Compare that total to what some European teams do. English reserve teams play 19 games a year and that’s considered inadequate. Dutch teams play 27 games per year. Spanish and German teams play full schedules against men—so they play 38 games a year. Take one of the latest batch of Barcelona, Tello. He played 39 games over a year and a half. It’d take three or four to match that total in MLS.
MLS coaches are likely in agreement. Both Jason Kreis and Bruce Arena have been scathing in their disapproval of the current structure. Kreis has called the schedule “ridiculous,” with the reserve league schedule often taking reserve teams far away from their managers, meaning that managers can’t easily watch what’s happening in the second team. “How’s that professional?” Kreis asks.
Kreis wants MLS reserve teams entered into other, lower-division leagues in MLS, in imitation of the German or Spanish systems.
Bruce Arena mostly agrees, and has even mused that “Right now, the kids would be better off going to college.”
Why don’t teams loan players?
Don’t know. This isn’t a comprehensive solution, to be sure, but it would seem like more loans could be made. Currently there are two MLS homegrown players on loan—DC United’s Conor Shanosky and Houston’s Josue Soto. Both have gotten minutes. Shanosky has only missed 23 minutes for Fort Lauderdale Strikers; Soto’s been less successful at earning minutes but has still played more than 300 minutes so far this season.
Are any teams particularly bad at getting their players reserve minutes or other opportunities?
Yeah, probably LA Galaxy and Chicago Fire. Both teams have two homegrown players each. LA’s Jack McBean has gotten just over a quarter of possible reserve league minutes while Jose Villarreal has gotten just under. Chicago’s Victor Pineda has played 27% of possible minutes, while Kellen Gulley has gotten 10% of possible minutes. This is dramatically worse than the average percentage for homegrowns. All four are U.S. youth internationals.
Both teams are deeply mediocre, and so they are choosing to give minutes to mediocre veterans over promising young players. Both teams are sitting on some of the best youth hotbeds in the country; in this, Chicago comes out looking worse. Gulley is actually from Mississippi, meaning the team has somehow contrived to have all of one Chicago-based player graduate to the first team. Consider, however, the soccer history of Chicago. The Chicagoland area has produced, in recent years, Brian McBride, Michael Bradley, Eric Lichaj, Brad Guzan and Jonathan Spector. None of these players, to my knowledge, have a Latin background; Chicago is one of the most immigrant-heavy cities in the country. That means there’s a Basically, Chicago is failing.
Where are the defenders?
Ready to bring up a bad memory? Of course you aren’t, but think of the Olympic qualifying fail. Caleb Porter came in for many a criticism, many of those quite justified. But Porter was unlucky in several important respects—neither Bill Hamid nor Sean Johnson have had such poor games before that nor since that—and, most importantly, his defenders. In central defense Porter was forced to rely on a once-promising player whose career had been derailed by constant injuries (Opara, who was once regarded as a similar prospect to Omar Gonzalez) and a converted defensive midfielder (Perry Kitchen). What’s worse is that these were likely Porter’s best options among eligible, healthy players.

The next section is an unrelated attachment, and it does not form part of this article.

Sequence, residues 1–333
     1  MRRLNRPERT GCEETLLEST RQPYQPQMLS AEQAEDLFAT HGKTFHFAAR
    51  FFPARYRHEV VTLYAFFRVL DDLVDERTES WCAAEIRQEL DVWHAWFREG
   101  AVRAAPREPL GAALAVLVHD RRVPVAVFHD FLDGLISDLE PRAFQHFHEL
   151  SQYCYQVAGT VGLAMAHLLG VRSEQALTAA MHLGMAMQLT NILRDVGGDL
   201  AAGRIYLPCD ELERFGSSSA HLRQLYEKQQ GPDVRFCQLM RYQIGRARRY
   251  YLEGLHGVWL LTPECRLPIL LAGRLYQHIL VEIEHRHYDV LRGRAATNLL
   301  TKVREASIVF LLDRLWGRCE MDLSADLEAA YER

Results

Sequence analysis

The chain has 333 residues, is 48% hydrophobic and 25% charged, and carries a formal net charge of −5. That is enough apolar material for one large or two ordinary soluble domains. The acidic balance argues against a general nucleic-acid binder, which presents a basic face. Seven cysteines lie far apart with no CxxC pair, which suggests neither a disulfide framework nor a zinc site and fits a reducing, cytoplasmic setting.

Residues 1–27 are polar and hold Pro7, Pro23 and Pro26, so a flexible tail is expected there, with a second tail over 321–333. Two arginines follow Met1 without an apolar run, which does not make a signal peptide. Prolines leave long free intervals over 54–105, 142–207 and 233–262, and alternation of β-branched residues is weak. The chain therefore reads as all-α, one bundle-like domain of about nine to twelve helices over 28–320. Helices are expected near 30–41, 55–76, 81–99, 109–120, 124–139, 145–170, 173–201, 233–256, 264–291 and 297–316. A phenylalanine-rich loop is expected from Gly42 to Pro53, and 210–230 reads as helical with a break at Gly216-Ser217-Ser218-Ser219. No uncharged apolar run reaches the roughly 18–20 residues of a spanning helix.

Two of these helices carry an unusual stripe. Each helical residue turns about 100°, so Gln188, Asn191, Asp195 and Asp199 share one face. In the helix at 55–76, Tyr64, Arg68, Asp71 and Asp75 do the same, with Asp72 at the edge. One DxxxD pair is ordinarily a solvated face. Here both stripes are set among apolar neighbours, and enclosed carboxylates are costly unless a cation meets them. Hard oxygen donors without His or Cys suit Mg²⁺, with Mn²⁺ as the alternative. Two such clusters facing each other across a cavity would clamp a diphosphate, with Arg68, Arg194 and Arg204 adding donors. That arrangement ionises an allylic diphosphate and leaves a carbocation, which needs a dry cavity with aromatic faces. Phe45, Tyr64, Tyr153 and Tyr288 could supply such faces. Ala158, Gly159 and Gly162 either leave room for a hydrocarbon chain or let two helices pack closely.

The blame here quite likely lies with MLS. The league rarely signs defenders in Generation adidas, and even more rarely signs them as academy players. Of the 56 homegrown players signed since 2008, only four of them have been centerbacks. Unfortunately for Caleb Porter and the U.S., half of those centerbacks are Canadian. (Though Toronto’s Doneil Henry is a very good prospect and will likely be sold for quite a bit of money at some point.) Also unfortunately for Porter, both of the other centerbacks went to multiple years of college and the one that played significant minutes in 2011—Ethan White—was injured during qualifying time.
That’s the short term blow-by-blow, but the trend will surely extend forward. Either MLS academy programs are not producing particularly good defenders or MLS teams don’t take the opportunity to sign them early. Either possibility is not exactly encouraging.
(By the way, the picture for fullbacks is scarcely better. 6 fullbacks have been signed, of which one—Ashtone Morgan, Toronto’s very good left back—is Canadian and three spent time in college.)
How does MLS compare to other leagues?
I looked up Australia’s A-League to compare the minutes given to young players. In some ways, this is a very fitting comparison—both leagues are young ones, set in wealthy countries in which soccer isn’t the number one sport. On the other hand, the A-League’s financial issues make Rangers look like a well-managed model of fiscal probity. There are only 9 A-League teams at the moment.
Whatever the financial issues, the A-League is on average better than MLS at granting minutes to young players. On average, each A-League team had 2 players under 23 getting more than 50 percent of minutes in its most recent season. MLS teams are currently just over 1 per team. It’s possible that the A-League is just concentrating all the best young players in a way that MLS can’t, but it’s certainly not encouraging for MLS.
So what’s your assessment?
Work in progress.